Using Protein A Gold or Immunogold reagentsMarking of cell surface and intracellular components for microscopical observation is an extremely important technique for studying molecular organization and cell function.
Gold is sufficiently heavy to impart electron-density to biological macromolecules and thus is widely used in a variety of receptor and tracer applications. In immunogold labelling, gold markers are used for indirect labelling of specific sites. First, specific immunoglogulins are allowed to react with the antigen to be studied and subsequently the marker is bound to the specific immunoglobulin, using either Protein A- or a second immunoglobulin.
Protein A Gold
Protein A is a cell wall constituent produced my most strains of Staphylococcus aureus. From the viewpoint of immunochemistry the most interesting property of protein A is its unique ability to interact with immunoglobulins, notably immunoglobulin G. Protein A has been shown to be a useful reagent for binding immunoglobulins from several animal species, a property which renders this protein of general applicability in immunocytochemistry.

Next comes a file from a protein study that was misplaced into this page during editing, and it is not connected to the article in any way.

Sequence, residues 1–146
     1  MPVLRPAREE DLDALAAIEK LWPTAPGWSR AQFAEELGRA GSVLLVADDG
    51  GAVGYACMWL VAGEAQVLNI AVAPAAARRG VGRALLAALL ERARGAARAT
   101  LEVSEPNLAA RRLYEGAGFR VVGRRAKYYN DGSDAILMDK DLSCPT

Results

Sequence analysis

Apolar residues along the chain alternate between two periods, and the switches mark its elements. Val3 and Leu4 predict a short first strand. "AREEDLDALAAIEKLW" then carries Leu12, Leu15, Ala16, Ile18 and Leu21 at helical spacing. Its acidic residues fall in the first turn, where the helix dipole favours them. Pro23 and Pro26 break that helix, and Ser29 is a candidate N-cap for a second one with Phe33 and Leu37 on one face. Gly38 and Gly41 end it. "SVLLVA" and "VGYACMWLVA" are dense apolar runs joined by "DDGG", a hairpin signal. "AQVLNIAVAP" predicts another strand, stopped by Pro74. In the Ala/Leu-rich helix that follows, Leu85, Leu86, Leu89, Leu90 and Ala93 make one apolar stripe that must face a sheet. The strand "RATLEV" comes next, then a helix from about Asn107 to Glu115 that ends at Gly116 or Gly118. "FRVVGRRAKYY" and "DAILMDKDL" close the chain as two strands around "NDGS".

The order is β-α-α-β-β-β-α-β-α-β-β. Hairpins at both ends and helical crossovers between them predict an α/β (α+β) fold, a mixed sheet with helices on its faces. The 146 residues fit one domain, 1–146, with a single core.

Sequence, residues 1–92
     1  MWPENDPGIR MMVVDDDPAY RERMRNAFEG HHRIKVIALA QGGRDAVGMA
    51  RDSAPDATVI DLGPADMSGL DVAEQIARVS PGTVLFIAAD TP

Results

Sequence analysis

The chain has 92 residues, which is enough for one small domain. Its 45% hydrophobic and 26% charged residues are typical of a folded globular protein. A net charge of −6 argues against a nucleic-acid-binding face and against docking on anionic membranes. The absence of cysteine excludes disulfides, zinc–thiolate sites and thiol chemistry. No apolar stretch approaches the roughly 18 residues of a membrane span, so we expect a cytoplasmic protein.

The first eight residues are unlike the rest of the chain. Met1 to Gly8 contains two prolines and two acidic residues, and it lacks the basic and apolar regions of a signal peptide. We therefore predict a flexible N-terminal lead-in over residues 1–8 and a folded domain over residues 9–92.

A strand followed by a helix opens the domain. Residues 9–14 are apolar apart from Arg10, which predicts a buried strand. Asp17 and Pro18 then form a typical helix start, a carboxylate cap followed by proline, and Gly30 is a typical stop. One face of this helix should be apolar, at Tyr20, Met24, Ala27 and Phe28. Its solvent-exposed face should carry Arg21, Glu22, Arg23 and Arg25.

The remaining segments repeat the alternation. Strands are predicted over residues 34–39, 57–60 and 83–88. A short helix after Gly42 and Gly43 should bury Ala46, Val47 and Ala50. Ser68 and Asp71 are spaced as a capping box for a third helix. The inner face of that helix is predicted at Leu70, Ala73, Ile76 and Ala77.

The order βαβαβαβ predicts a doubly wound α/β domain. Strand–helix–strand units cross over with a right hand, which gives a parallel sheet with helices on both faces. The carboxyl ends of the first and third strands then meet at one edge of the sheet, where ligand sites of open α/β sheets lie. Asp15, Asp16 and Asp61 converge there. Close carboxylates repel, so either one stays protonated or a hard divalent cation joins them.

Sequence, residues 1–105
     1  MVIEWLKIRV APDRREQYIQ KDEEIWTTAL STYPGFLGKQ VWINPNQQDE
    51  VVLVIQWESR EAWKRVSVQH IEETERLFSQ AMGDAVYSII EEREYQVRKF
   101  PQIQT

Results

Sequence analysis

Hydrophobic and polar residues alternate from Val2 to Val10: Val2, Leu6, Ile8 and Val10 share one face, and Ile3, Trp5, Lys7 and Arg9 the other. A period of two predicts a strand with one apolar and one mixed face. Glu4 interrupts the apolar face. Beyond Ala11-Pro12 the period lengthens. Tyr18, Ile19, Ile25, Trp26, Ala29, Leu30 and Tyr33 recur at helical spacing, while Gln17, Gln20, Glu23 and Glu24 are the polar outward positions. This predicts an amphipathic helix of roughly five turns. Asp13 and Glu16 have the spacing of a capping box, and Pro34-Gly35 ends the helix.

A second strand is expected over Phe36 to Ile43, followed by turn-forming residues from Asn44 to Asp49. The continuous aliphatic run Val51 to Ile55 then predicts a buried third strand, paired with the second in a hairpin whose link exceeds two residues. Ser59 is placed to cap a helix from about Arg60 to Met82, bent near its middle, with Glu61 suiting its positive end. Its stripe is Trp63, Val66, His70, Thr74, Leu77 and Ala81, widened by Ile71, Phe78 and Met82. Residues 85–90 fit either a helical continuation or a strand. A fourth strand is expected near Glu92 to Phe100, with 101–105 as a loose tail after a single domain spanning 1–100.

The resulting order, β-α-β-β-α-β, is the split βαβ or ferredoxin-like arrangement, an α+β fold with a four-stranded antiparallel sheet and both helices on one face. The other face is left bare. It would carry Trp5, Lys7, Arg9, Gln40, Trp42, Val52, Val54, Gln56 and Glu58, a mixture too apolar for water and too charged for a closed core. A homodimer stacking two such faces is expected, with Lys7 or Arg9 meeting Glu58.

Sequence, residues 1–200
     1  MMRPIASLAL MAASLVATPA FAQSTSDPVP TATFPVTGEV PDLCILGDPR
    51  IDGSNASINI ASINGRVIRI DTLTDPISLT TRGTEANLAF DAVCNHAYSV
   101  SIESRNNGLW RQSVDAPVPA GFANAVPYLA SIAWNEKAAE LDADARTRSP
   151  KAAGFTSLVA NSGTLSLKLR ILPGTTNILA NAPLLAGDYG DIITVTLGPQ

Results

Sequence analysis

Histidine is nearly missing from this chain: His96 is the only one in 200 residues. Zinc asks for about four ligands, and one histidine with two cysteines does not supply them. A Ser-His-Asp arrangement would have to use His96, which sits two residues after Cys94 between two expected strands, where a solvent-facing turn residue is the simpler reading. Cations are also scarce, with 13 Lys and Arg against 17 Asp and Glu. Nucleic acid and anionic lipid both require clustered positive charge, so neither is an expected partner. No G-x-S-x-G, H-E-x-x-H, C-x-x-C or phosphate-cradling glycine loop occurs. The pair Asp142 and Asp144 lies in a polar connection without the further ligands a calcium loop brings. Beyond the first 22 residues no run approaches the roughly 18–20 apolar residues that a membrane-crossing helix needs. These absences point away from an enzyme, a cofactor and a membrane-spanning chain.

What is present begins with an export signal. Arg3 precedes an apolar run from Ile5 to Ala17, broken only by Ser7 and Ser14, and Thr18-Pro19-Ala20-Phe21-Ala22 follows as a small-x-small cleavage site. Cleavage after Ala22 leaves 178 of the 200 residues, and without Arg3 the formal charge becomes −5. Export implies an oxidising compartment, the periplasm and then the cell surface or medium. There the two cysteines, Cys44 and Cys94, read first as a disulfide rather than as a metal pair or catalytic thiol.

Methods for multiple labelling of the same specimen with colloidal gold particles
of different sizes are also available.
Although post-embedding labelling is most common, it can be used for pre-embedding immunolabelling. Thin conventional sections as well as thin cryosections can be labelled with colloidal gold.
Ultra Small Gold
Ultra small gold (<1.0 nm) conjugates provide a marker system that has greater labelling sensitivity and better penetration than larger gold particle conjugates. This advantage, along with the availability of silver enhancement reagents, have made it possible to apply pre-embedding immunogold/silver techniques to the localization of intracellular antigens with great success.
Immunoelectron microscopy using colloidal gold is used to advance morphological diagnosis, including virological, by the in situ localization of cellular macromolecules. This information is used to elucidate biochemical properties and functions of cellular compartments and components.